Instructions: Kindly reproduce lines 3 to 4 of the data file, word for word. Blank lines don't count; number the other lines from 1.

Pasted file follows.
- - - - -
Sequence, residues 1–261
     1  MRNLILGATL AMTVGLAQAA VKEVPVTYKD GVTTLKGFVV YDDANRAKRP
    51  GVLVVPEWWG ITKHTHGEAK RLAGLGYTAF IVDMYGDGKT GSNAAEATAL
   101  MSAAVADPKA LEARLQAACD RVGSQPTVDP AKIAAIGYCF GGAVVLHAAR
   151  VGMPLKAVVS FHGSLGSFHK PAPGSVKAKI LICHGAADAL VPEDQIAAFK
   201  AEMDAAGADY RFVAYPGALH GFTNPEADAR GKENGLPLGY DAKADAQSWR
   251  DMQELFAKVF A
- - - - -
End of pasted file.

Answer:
    51  GVLVVPEWWG ITKHTHGEAK RLAGLGYTAF IVDMYGDGKT GSNAAEATAL
   101  MSAAVADPKA LEARLQAACD RVGSQPTVDP AKIAAIGYCF GGAVVLHAAR